Booth states: "At its heart lay the BCCI's desire not merely to oust the ICC as the game's governing body but to wean themselves, eventually, off all but the most lucrative international fixtures, and to create more space for domestic Twenty20."

So you pay your money (£50 in the case of both hardback and softcover versions of Wisden 2014) and you take your choice.

© ESPN Sports Media Ltd.

Posted by wapuser on (April 11, 2014, 6:03 GMT)

There's too much money involved in modern sports

Posted by   on (April 11, 2014, 3:24 GMT)

Well, I think this is the last nail on the coffin of the noble game of cricket, thanks to BCCI.

Posted by dunger.bob on (April 10, 2014, 22:12 GMT)

..cont.

I think England and Australia recognised the threat and were keen to form this un-holy alliance in an attempt to minimise and/or delay the damage. It might not be the perfect solution but at least it is a solution. .. I actually applaud both boards because at least they did something. It's got to be better than the alternative which I outlined earlier. It's given the cricket world 8 years to sort itself out. .. Let's hope they use the time wisely.

Posted by dunger.bob on (April 10, 2014, 22:05 GMT)

I don't understand the "I love T20 but hate Tests" or vice versa flavour that many of these posts reek of. I enjoy all the formats because they bring different things to the table for the consumer to enjoy. .. I truly, honestly and completely don't understand how it can be so divisive. I'm probably wrong, usually am about such matters, but I think that those people who are so vehemently against one format or another aren't true cricket fans. I think that sort of thinking is soundly based in Nationalism rather than anything to do with the game of cricket.

As for the big 3 thing. Well, something had to be done, didn't it. India were on the verge of breaking away and forming their own league. That, in itself, is no big deal but there was a heavily implied and very doable threat that they would 'buy up' the bulk of the world's cricket talent. In effect the other nations would be left to carry on with 2nd or 3rd string players. ... This was very much on the cards, make no mistake. .. cont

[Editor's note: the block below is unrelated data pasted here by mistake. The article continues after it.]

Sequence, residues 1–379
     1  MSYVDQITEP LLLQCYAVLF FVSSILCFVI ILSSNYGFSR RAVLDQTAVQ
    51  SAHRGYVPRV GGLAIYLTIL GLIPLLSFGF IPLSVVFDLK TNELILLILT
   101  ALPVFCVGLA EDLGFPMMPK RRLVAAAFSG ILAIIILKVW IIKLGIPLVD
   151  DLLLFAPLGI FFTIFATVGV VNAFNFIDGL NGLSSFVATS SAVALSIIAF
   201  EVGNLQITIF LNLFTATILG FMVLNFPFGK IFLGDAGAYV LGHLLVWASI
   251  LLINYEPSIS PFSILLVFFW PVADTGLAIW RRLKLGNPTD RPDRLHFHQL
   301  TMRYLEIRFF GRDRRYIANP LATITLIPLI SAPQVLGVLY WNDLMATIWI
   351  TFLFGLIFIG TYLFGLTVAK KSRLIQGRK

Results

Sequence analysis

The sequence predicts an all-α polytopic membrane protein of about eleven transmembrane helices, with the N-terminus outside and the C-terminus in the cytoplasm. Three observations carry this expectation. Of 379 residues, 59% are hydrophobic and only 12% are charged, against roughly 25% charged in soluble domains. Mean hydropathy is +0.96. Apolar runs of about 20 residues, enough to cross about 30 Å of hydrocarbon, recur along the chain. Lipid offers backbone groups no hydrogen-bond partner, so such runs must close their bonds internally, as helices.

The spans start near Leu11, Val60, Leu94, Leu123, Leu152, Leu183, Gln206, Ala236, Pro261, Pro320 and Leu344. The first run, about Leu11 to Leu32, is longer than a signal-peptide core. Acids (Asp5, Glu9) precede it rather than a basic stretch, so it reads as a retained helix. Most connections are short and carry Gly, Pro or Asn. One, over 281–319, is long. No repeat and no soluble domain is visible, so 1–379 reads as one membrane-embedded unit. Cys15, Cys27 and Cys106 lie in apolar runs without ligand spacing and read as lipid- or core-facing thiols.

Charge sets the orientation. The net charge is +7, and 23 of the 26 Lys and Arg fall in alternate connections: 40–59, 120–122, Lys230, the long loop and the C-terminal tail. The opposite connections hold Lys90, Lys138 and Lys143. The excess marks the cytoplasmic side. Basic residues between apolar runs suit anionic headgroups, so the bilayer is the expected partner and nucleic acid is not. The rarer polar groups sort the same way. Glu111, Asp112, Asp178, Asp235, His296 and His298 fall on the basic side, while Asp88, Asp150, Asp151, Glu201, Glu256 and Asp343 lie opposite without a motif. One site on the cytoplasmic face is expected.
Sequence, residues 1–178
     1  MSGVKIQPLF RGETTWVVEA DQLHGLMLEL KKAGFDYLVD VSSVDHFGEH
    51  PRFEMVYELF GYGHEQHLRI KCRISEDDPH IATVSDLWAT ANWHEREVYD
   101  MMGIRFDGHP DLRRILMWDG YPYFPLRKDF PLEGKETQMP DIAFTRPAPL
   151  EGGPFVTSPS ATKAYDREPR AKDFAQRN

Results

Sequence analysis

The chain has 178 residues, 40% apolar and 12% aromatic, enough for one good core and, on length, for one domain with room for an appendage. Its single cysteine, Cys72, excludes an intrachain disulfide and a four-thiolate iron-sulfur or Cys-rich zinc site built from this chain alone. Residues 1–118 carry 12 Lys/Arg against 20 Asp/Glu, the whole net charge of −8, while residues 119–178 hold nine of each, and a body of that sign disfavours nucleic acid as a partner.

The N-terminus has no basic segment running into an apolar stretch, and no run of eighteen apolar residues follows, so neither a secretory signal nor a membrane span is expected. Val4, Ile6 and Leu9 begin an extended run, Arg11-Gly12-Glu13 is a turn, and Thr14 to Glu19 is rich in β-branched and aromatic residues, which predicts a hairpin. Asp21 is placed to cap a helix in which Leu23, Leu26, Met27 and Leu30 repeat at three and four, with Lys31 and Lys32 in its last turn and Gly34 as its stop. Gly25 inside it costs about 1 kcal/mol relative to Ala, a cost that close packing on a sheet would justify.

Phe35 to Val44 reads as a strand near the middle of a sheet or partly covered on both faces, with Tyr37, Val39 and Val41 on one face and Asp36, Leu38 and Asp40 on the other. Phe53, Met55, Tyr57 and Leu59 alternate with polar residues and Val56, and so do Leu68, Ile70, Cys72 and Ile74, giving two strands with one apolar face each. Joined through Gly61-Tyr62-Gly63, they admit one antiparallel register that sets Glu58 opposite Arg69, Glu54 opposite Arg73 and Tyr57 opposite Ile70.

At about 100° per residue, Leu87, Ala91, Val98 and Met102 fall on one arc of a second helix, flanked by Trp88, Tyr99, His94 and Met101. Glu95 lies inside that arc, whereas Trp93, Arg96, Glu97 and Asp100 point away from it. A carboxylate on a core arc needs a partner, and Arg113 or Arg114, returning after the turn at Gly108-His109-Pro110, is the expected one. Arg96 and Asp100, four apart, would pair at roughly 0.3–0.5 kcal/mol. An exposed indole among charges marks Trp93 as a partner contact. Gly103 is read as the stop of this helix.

Posted by cricfan65 on (April 10, 2014, 20:08 GMT)

As the saying goes " time and tide wait for no man " . Yes, Test Cricket is dying, will probably disappear in the subcontinent in the next 10-15 years. Maybe the Ashes and a few other matchups will survive a litte longer. Maybe. For those of us who grew up watching it, it will be a painful loss. But the newer generations of fans- they will NEVER get to witness the majesty, the artistry, the sublimity, dare I say the sheer poetry of this great game when it is played properly. They will see plenty of " entertaining " cricket in the form of T20; it may very well be the sole survivor amongst the formats. But they will never see the likes of Holding, Richards, Imran, Botham, Tendulkar, Warne, Mural and others in full flow, except on some dusty Youtube clip. What a pity!

Posted by   on (April 10, 2014, 18:29 GMT)

Needs some consideration but Cricket can't keep still.

Posted by Fogu on (April 10, 2014, 16:01 GMT)

Test matches are like classical simphony with ebbs and flows throughout five days. Even draws are exciting. The difference between Tests and T20 is similar to Classic songs by great singers with good lyrics, rythm and vocals as opposed to every tom dick and harry coming up with songs composed with heavy reliance on computer programs. No soul to it. However, the point of Wisden article is not cricket but power and greed which was on full display. People often equate money to success and I think that will be the downfall of cricket. I agree with the person who wrote that every nation should play home and away series for two years and then crown a champion.